Day 3 in Utrecht! Once again, we ventured with Ronald into the wide unknown! Well, actually, it was just a unique suburb of Utrecht, but of course to us, everything is brand new 🙂

As Marc is fond of doing, we were instructed to make our way to some address to meet for the day. Since the bike ride was a bit longer, I got to think a bit about our short time in Utrecht. The bike was slowly becoming less awful, meaning that I think I almost died only once on the way out to Ronald’s house. The upright, step through style was definitely growing on me, but I couldn’t get over the pedal brake hurdle. Also, wayfinding is not as easy in the city if you don’t know what the end destination is (i.e. knowing the name of Ronald’s neighborhood would have made a heck of a difference!).

However, the small mob of us made our way to Ronald’s with minor incident (did you know that it is actually humid in the Netherlands??). From there, we got to go see an entirely master planned community! The suburb Houten was one that the government decided to expand Utrecht with. This meant that the entire transportation network was designed to accommodate pedestrians and bicycles first! The city was built with a ring road for vehicles outside the city (only about 5 km in diameter), with access roads into the interior, but no roads cutting completely through the city. There is a network of bike and pedestrian paths connecting the entire city to itself and to Utrecht, encouraging people to leave their vehicles outside and use other means for their daily lives. The train station had bike parking only… hundreds of spots. The scary thing: The majority of them were full!

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Just one half of one of the rows for bike parking in this train station!

While in theory and on paper, this idea looked really good, a lot of the class felt that the suburb was somewhat… eerie? I’m not sure that is the right word, since we visited in the middle of the day, but it was interesting. There certainly seemed to be a different feel between the planned growth area that we saw in Houten and the organic sprawling feel of the city center. Something for the engineer in me, who LOVES organization and rules, to note.

It seemed like Marc heard my silent frustration with the wayfinding in the city, since after visiting Houten, we took a nice ride into the Dutch countryside. Paths that might not even be marked on a map in the United States had excellent route markers, and we even learned what a dead end marker looked like! (Very helpful to know!) In our wanderings, we even found a canal with a great beach! Most of the guys jumped in for a swim, while I courageously volunteered to watch the bikes. I may not have done a great job since my eyes have closed for another beachside nap, but hey, everyone’s stuff was FINE.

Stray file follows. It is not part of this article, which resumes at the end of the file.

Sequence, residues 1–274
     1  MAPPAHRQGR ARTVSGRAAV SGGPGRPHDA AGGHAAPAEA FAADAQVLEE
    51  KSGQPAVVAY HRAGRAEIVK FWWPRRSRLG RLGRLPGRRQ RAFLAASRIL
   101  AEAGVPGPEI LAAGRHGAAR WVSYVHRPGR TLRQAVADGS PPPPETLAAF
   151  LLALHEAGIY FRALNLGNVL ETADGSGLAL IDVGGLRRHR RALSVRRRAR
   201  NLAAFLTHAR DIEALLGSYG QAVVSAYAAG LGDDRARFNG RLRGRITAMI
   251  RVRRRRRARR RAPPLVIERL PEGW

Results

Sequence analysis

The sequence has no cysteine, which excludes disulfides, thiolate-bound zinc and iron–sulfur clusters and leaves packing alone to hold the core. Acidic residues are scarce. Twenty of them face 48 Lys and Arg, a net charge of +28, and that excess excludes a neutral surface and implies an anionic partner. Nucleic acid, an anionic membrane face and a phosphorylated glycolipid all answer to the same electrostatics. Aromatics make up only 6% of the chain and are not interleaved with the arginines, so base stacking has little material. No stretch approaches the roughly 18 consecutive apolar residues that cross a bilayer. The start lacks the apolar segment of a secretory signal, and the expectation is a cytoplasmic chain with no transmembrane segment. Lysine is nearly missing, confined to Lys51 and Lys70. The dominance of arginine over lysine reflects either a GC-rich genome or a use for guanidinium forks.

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Beautiful ride along a canal outside Utrecht with the fam (and thanks for the pic Adam!)

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A dead end sign! Learning this actually helped me navigate in Ireland when I was driving on those country roads

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Our break at the beach!

Honestly, the ride back was the type of ride that convinces me that our bike facilities NEED to be improved in the States. It was so relaxed and easy to cruise back into town on all sorts of wonderful bike and ped bridges in time to enjoy our last evening in Utretch. Of course, that obviously meant another dinner on the canal and a stroll through the city to admire the lights under a full moon. This class was just terrible to suffer through, seriously.

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The group saying goodbye to Ronald! It was a sad moment, since Ronald was so incredible to have for our time in Utrecht.

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All the lights coming on along the canal

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The Dom Tower on our last evening in town

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